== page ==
Therapists use a lubricant, often a diluted essential oil, when performing a full body massage. The result is a feeling of vitality, increased clarity of mind and glowing, hydrated skin.

There are no limits to how often you can schedule a full body massage. Undertaken on a weekly or monthly basis, a full body massage will help achieve your individual treatment goals.

Hot Stone Massage

Hot stone massage involves the application of warm stones on key acupressure parts of the body. This warming and relaxing of the muscles allow for deeper pressure to be applied.

Using massage oil and a combination of strokes and techniques, your therapist will begin with a traditional deep tissue massage before placing the stones and continuing with more pressure. The stones are heated in water until they reach 120-130 Fahrenheit. In contrast to hot stones, cold marble stones are sometimes used to aid in detoxification and healing.

Due to heat being applied directly to the skin, it is not recommended for people with high blood pressure, diabetes, heart disease, varicose veins, migraines, rheumatoid arthritis, decreased pain sensitivity, recent wounds, areas of weakened or inflamed skin, tumours, metal implants, recent chemotherapy, radiation, recent surgery or for people taking medication which thins the blood.

How often should you get a hot stone massage?

There is no official guidance for how often you should schedule a hot stone massage. Every two weeks to every month would be advised by most therapists.

Massage for Back or Neck Pain

Most of our daily activities can cause stress on the body. To reduce muscular tensions and join pain in these areas, we can apply pressure on the soft tissue around the neck, shoulders and back.

If you are experiencing back or neck pain, your therapist is likely to conduct an objective assessment of the soft tissue pain and dysfunction, looking at how it affects your movement and mobility.

How often you need massage for back or neck pain depends on the severity of the pain and if there is an underlying condition. Weekly sessions until pain relief and mobility improves followed by monthly sessions may be recommended.

Massage of the neck is best left to professionals as although rare, damage can occur if the head or neck is manipulated into a dangerous position.

Massage for Stress

Chronic or long-lasting stress can lead to serious illness, including depression and cardiovascular disease. It can cause headaches, migraines, muscle tension and anxiety. Fortunately, virtually every symptom of stress can benefit from massage. Research has shown that it can lower your heart rate and blood pressure, relax muscles and increase the production of endorphins, the body’s natural ‘feel good’ chemical. Serotonin and dopamine are also released through massage, and the result is a feeling of calm relaxation.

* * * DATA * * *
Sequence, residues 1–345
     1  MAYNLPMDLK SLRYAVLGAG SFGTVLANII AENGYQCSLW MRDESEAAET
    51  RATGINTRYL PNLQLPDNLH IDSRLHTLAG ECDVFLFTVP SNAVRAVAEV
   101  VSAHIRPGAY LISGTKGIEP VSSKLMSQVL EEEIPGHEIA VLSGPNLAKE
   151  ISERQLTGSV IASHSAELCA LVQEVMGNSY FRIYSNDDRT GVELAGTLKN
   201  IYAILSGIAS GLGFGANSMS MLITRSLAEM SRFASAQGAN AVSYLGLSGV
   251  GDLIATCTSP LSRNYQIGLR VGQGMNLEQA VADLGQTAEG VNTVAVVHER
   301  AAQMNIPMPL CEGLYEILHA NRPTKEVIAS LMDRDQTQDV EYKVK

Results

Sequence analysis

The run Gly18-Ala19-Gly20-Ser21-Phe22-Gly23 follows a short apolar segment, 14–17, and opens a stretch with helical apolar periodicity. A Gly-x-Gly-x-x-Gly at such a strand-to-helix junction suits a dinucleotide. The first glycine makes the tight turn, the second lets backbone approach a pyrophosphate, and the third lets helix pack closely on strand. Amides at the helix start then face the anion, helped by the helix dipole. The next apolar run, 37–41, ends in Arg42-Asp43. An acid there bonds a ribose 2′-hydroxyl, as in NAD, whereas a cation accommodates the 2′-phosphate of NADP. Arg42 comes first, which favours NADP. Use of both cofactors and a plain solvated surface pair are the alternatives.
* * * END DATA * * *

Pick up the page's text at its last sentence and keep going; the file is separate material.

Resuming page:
Massages most often used to treat stress include Deep Tissue, Shiatsu, Swedish and Therapeutic Massage. All these massages release tension from the body while decreasing our stress hormones, adrenaline and cortisol. The parts of the body your therapist is likely to concentrate on are the buttocks, wrists, thumbs, ears, diaphragm, shoulders and head.

How often you should have a massage to reduce stress depends of course on budget, time and lifestyle, but a massage every 2 weeks would be hugely beneficial in our modern, hectic lifestyles.

Prenatal Massage

Pregnant women should adopt a safety-first approach to massage during pregnancy and get advice from their doctor before embarking on a course of massage. It’s important to communicate your pregnancy status with your therapist and to seek out a therapist who has had specialist training in prenatal massage.

Massage during pregnancy should be relaxing and soothing and your therapist will know how to best position you, often offering additional support and cushioning to the body. A massage can help alleviate the normal discomforts of pregnancy, including back pain, stiff neck, leg cramps, nerve pain, headaches and edema/oedema (fluid build-up in the tissues).

Some therapists specialize in prenatal massage and have a special bed with space to accommodate a pregnant woman’s belly. If using a standard bed, your therapist will ask you to lie on your side for most of the massage.